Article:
Reactions When a Player Drives
Let’s say that player 1 drives and gets forced to the right. If so, the player on the same side (the 3 in this case) slides up. The 3 keeps NBA spacing and stays wide. Be patient and wait until the ball is driven inside the three-point line. This gives the 3 player options to step up and shoot or make a strong drive to the basket.
If player 1 dribbles to the middle, the 2 man must be patient and will eventually slide right behind. The 4 will also slightly slide up as well. Player 5 must get opposite of the ball. You now have different pitch-out options. All the while, the 3 stays put or moves just slightly to stay out of the shadow of his/her defender.
After the pitch out, always fill to the spot of the pass. This keeps the floor spread and driving lanes open for us to continue attacking.
Stay tuned for more breakdowns of the Attack & React Offense. The previous clips can be seen on Championship Productions’ DVD ”4-Out 1-In Attack & React Motion Offense” with Andrew Grantz. To check out more videos focusing on team systems, click here.
In our latest player development feature, learn about key basketball tips, drills, and individual moves for effective 1-on-1 play. Follow along with De La Salle head boys basketball coach Frank Allocco as he reveals how players can gain an edge offensively by creating a window of opportunity.
1-on-1 Play Overview
According to Coach Allocco, the most difficult thing to develop in kids is getting the ball to the rim. There’s too much perimeter to perimeter movement going on and not enough penetration. So why exactly is that the case? Well, kids don’t play outdoors enough anymore. There isn’t an emphasis on the need to get to the rim and score.
For example, in New York City outdoor summer play, kids learn to compete and win on the playground. They figure out how arguments get settled and who’s tough. This is also where those individual skills get developed. If kids aren’t out on the playground and only playing structured tournament games all summer long, they just aren’t developing that 1-on-1 game. Therefore, as a coach, you have to stress 1-on-1 play with your kids.
Coach Allocco believes it takes three years to get a kid to become a great driver. One tactic that especially helps: A straight line cut. There should never be any banana cuts. Instead, look to go straight to the rim.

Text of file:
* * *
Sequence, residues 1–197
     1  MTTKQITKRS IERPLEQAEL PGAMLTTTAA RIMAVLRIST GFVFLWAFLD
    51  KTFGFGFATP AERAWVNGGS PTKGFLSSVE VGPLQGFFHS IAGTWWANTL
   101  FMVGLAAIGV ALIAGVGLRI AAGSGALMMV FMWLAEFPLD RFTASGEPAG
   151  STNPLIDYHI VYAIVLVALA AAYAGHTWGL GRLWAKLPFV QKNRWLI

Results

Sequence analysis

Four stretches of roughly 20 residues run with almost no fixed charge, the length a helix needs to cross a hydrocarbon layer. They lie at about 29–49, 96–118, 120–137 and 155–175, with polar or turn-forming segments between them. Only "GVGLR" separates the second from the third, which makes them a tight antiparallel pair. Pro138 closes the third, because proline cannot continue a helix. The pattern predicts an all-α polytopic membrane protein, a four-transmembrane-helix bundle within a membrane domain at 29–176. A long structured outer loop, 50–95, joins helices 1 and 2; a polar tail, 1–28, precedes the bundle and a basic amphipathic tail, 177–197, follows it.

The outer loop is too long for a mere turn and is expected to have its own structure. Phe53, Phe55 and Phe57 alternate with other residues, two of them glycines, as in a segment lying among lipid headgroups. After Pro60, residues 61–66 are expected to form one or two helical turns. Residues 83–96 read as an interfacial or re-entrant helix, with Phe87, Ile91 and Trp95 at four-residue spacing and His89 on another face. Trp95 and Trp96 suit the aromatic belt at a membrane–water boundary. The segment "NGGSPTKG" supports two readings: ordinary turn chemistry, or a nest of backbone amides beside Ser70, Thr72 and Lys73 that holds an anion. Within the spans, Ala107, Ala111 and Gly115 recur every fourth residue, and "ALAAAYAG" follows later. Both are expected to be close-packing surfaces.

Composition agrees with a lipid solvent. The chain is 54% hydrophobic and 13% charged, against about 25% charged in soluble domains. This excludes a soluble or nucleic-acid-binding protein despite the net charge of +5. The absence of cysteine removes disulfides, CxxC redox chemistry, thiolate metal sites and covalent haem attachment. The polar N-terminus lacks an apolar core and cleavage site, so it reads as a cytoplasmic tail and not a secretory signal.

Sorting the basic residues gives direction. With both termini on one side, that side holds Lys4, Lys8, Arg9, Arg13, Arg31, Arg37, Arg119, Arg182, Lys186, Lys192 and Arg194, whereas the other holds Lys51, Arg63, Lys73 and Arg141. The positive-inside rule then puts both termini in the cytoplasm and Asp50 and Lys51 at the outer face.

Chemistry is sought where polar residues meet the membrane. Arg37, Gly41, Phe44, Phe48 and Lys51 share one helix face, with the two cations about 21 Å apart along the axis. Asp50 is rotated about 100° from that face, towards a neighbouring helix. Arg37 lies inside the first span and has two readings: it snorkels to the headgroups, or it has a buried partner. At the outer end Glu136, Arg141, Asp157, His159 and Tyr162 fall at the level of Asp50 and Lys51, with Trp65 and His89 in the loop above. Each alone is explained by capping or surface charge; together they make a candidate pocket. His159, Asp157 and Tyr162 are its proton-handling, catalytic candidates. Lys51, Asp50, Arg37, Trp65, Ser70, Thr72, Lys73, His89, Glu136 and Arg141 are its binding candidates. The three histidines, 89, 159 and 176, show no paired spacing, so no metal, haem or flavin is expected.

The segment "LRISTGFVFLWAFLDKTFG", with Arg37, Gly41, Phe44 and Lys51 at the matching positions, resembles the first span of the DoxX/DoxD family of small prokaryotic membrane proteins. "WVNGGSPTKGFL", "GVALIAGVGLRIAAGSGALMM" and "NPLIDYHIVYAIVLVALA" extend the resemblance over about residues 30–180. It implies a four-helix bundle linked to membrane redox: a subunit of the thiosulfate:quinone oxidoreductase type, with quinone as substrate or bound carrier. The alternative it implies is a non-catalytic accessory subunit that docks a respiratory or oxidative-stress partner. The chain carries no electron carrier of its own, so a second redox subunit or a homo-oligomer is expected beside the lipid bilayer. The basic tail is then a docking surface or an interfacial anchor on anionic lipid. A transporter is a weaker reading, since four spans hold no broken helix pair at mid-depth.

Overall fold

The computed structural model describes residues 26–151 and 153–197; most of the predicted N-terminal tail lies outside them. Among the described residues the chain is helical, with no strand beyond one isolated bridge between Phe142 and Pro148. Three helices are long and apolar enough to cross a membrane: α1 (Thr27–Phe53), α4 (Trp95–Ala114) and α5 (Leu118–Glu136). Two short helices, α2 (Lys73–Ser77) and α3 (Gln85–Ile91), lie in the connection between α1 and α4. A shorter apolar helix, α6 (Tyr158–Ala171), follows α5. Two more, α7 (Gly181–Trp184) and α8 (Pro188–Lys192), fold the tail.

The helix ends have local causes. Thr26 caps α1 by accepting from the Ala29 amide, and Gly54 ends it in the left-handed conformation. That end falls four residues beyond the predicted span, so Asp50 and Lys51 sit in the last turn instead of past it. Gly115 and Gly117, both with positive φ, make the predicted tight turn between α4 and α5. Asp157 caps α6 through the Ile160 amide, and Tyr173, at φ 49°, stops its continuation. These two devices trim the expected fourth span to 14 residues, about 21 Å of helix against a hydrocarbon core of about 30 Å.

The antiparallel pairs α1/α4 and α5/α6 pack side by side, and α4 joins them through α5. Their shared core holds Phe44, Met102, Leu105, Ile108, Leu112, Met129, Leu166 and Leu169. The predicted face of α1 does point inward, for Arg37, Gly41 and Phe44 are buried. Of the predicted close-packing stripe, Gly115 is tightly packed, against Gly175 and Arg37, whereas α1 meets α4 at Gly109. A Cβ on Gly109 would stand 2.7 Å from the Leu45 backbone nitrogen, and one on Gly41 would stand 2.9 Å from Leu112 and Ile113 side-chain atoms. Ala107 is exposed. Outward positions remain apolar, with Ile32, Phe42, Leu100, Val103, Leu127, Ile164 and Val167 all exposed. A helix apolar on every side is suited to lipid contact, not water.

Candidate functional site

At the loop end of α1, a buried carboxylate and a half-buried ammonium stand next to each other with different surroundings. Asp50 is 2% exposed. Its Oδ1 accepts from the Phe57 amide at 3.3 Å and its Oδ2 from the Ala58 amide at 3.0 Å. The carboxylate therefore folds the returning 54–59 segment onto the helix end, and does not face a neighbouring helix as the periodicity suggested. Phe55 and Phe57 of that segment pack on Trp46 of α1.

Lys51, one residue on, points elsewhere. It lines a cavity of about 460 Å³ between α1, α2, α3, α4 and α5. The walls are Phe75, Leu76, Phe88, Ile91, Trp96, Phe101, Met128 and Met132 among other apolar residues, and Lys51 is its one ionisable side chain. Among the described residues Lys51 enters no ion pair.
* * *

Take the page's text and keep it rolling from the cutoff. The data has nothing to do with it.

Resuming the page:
Meanwhile, get that defender off balance before you dribble the ball and don’t give up the dribble. If you do give up the dribble, then the advantage has changed to the defender. We need to be stressing that we are going to the basket and not doing any bailout five-footers or spin dribbles. At first your shot might get blocked in the lane. But a year from now, you’ll see that you’ll start getting by people. And when you can get to the rim, you have options.
Michael Jordan’s greatness was his ability to move the defender. By moving the defender, we create a one-second window of opportunity. If you can jab and move that defender back, you now have an opportunity to score. Therefore, get down nice and low. Make short jab steps and get the defender to move his top foot. Also, look to get inside the elbows when you drive.
In this jab series, all players get out on the court with a ball around the three-point line. Each player gets down low and into a triple-attack stance. Your mentality should always be attack, attack, attack. As you take your jab, you want it to be short. Keep your hand on top of the ball so you can go up and shoot it. Also, work on your jabs left. Don’t neglect the weak side.
Jab and Shoot
Jab and Go – Push off that back foot and go. Your mentality: Play low to high, get past the defender’s hip, and take it hard to the rim.
Jab and Crossover – Rip it to the left hip and then step with the leg. Then put the ball on the floor and take to the basket.
The previous clips can be seen on Championship Productions’ DVD “Frank Allocco: Developing the Complete High School Player.” To check out more videos focusing on individual concepts, click here.